As my colleagues can attest, I have complained a lot during my nearly six years as president of the Hewlett Foundation about what I see as the pathologies of philanthropy—criticizing everything from the difficulty of collaborating with other funders, to the colonization of philanthropy by business school dogma, to the incessant pursuit of shiny new objects. There is one complaint, however, that I want to retract, namely, that philanthropy focuses too much on individual leaders and builds cults of personality around them.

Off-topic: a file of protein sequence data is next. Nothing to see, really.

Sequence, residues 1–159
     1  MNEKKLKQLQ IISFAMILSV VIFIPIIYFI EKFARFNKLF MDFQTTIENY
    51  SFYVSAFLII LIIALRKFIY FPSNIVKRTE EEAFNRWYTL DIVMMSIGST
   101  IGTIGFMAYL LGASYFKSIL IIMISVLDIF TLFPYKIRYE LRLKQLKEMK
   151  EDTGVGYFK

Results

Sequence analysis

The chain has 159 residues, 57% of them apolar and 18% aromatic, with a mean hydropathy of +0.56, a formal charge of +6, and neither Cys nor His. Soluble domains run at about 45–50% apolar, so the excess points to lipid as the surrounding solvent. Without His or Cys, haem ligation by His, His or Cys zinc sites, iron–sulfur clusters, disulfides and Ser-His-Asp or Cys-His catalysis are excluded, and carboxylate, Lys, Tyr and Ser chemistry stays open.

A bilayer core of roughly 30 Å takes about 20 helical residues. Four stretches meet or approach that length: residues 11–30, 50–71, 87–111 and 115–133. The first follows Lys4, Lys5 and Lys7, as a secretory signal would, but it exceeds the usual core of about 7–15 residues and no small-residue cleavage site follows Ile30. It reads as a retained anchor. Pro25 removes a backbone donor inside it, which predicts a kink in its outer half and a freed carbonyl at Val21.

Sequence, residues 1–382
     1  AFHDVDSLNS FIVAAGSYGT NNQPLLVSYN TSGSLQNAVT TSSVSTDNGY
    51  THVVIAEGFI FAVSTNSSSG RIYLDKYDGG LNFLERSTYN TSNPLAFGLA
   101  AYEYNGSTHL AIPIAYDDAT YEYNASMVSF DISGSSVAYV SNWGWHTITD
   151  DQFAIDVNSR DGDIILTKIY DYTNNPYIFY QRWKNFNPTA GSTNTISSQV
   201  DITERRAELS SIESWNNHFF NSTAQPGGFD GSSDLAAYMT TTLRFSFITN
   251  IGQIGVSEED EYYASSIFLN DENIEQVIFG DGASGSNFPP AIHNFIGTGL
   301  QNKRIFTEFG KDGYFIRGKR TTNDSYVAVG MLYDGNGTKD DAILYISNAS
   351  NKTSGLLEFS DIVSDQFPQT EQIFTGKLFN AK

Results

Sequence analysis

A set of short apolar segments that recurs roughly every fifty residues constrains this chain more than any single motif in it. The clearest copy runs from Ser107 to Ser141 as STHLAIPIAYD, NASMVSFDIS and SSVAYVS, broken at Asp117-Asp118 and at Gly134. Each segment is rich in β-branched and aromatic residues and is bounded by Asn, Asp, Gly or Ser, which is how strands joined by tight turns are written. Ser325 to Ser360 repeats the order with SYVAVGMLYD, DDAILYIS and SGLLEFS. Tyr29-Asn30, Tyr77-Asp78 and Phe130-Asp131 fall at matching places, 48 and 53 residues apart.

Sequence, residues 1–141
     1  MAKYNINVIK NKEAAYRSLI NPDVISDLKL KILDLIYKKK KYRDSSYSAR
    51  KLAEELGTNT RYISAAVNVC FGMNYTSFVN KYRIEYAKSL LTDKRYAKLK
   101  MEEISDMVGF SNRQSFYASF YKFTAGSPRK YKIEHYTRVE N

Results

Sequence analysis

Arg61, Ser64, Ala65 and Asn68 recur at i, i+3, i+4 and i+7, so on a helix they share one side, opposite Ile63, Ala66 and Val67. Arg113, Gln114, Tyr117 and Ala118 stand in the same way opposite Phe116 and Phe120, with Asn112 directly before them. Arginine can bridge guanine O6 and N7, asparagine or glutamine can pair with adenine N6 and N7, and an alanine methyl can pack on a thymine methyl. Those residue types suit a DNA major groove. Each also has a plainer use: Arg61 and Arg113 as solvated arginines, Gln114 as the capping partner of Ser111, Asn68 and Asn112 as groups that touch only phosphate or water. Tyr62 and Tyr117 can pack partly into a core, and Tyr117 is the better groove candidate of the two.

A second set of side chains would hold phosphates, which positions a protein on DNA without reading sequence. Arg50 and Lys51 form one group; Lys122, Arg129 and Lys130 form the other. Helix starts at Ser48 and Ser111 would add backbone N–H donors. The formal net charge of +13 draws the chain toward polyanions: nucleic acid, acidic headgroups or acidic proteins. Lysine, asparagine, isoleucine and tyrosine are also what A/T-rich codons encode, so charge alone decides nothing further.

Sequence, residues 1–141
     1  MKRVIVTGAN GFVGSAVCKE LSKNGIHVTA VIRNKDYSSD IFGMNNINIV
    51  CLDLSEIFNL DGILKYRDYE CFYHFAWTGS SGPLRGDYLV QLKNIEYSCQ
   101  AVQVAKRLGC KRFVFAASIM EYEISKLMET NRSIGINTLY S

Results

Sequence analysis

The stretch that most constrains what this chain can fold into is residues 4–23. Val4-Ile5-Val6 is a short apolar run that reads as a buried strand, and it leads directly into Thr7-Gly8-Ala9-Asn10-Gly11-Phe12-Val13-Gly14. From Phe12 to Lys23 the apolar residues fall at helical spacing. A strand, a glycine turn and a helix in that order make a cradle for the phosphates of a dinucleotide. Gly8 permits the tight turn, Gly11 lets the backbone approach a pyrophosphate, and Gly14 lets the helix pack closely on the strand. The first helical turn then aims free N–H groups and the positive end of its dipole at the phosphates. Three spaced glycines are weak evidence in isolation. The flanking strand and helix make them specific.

That one, I’ve decided, is fine.
At first, as a newcomer to the sector, I wasn’t sure what to make of this need to create philanthropic rock stars. I believed that more humility was warranted, that the work is done by grantees and foundation staff, not CEOs, so we should lay back and let others do the speaking. But now that I’ve grown into my role as president, I don’t think I need to be so unfailingly polite and retiring.
As part of this new approach to leadership, I’ve decided to use the device that all great 21st century leaders use to share their vision: Twitter. Here’s a taste of what you can find on my timeline:
As you can see, the Twitter experiment didn’t work out, but you can always catch me on Insta.